Thesis done–morals to draw

Yes, my thesis is done (at least for all intents and purposes) Here are the relevant ‘conclusions’ I feel comfortable in asserting:

1) language is neither intelligible nor unified in the strict logical sense. This basically means: sure, you can go ahead and carve out a nice logical system with which to interpret various kinds of linguistic expressions, but realize when you do that you are ‘creating another language’ and not providing a ‘more primitive form of Language’–there is no Language of languages, just as there is no language of thought: all we have are different languages, different grammars, which we tend to think of as somehow ‘in the background’ when we make assertions

2) because of that, a theory of meaning is impossible if by ‘theory of meaning’ we mean: a theory able to provide the necessary and sufficient conditions for ‘what it makes sense to say’ or ‘what is meaningful’

3) the introduction of grammatical distinctions does little to resolve paradoxes we tend to face in philosophizing about language and meaning: (e.g. introducing the grammatical concept of transitivity does not stop one from saying: “When I said I was scared, I mean it in the transitive sense even though I wasn’t, at the time, aware of what I was scared of”)

4) Grammitcal operators like the so-called ‘d-that’ operator introduced by Kaplan and used by David Chalmers, among others, NEED NOT specify intentional content. In fact the very distinction between ‘intentional content’ and ‘intentional state’ (e.g. the distinction between the propositional attitude ‘thinking that…’ vs. ‘what the thought is about/what is ‘being thought of’) is problematic once we realize that we do not usually express our beliefs via that-clauses!

We can just as easily express the intentional state of ‘wanting to buy a lunch’ with an act of pointing, nodding our head when going up to the cashier, saying merely “meal!” to the cashier (and not ‘I want that meal’ or ‘I intend to buy that meal’)

The upshot is this: language and meaning are not reducible to grammatical forms, we can signify ‘something as something else’ independent of saying or thinking something in its ‘correct grammatical form’. Think: when YOU are entertaining a belief about unicorns, do you THINK to yourself: “I believe that unicorns do not exist”—isn’t it possible to describe the meaning of ‘entertaining a belief about unicorns’ by describing an experience you had of ‘seeing a unicorn in my mind’s eye’ without also claiming that ‘the picture in my head of a unicorn corresponded to the linguistic expression: “I believe that unicorns do not exist”

In what sense can the meaning of ‘thinking about unicorns’ also mean something like “imagining a unicorn”–also, isn’t the description “I was thinking about unicorns” incomplete in the following sense: that my picturing of the unicorn did not consist in some sort of void/blackness, that “my thinking about the unicorn really consisted in picturing the unicorn flying around a castle”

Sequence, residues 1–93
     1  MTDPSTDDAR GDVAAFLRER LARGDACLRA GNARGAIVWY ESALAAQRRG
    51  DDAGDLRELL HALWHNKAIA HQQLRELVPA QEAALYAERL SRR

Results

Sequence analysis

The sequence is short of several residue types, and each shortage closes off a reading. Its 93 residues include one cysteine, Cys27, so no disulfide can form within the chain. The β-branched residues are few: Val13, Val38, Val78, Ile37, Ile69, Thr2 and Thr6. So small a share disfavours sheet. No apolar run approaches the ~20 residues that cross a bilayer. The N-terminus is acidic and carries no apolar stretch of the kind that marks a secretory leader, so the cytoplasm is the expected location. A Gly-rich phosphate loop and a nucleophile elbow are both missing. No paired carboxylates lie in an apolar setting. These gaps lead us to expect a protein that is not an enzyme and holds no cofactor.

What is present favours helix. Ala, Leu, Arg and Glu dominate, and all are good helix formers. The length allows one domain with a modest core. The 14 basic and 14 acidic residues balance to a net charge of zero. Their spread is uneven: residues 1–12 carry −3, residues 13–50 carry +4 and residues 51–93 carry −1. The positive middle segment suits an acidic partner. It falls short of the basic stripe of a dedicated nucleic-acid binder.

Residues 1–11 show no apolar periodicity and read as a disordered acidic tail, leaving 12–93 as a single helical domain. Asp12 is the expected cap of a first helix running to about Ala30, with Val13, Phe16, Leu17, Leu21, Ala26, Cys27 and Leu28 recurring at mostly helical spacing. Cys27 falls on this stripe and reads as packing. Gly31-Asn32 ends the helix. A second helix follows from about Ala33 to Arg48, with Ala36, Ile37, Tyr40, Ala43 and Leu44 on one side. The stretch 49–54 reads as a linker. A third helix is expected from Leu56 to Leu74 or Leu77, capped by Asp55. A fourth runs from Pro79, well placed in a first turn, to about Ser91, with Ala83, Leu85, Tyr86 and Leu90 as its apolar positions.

Don’t we also say that there is a difference between ‘picturing something’ and ‘thinking something’? Of course we do, but the difference can be explained in a different social context, whereas in the above, the meaning of ‘to think’ was expressed in virtue of the explanation of its use as ‘the imagining of a unicorn’


3 thoughts on “Thesis done–morals to draw

  1. This looks like it will be an interesting blog. What are some of the arguments and considerations in support of (1)? I’m curious about why language isn’t intelligible in the”strict logical sense.” This would probably clarify something I was kind of confused by, namely the claim that there is no Language of languages.

  2. I forget how confusing Wittgenstein can be. The claim that “there is no Language of languages” is a claim made by Wittgenstein in The Blue Book (I believe)–I was using it in exactly the same sense.

    The first claim, that “language isn’t intelligible in the strict logical sense [of intelligible]” is another point Wittgenstein makes in his critique of Russell’s theory of the mind.

    Let me get back to you for a more detailed explanation-I need to get some lunch now. Luckily, I address both concerns (in a more articulate way) in my thesis, so I’ll copy/paste and revise where necessary so as to answer your points.

    Thank you for the provoking questions. I’ll be looking for more commentary from you ; )

  3. Shawn-

    It’s possible that a few of your questions regarding this post were answered (at least implicitly) in my latest post regarding Wittgenstein’s attack on Russell’s philosophy of mind.

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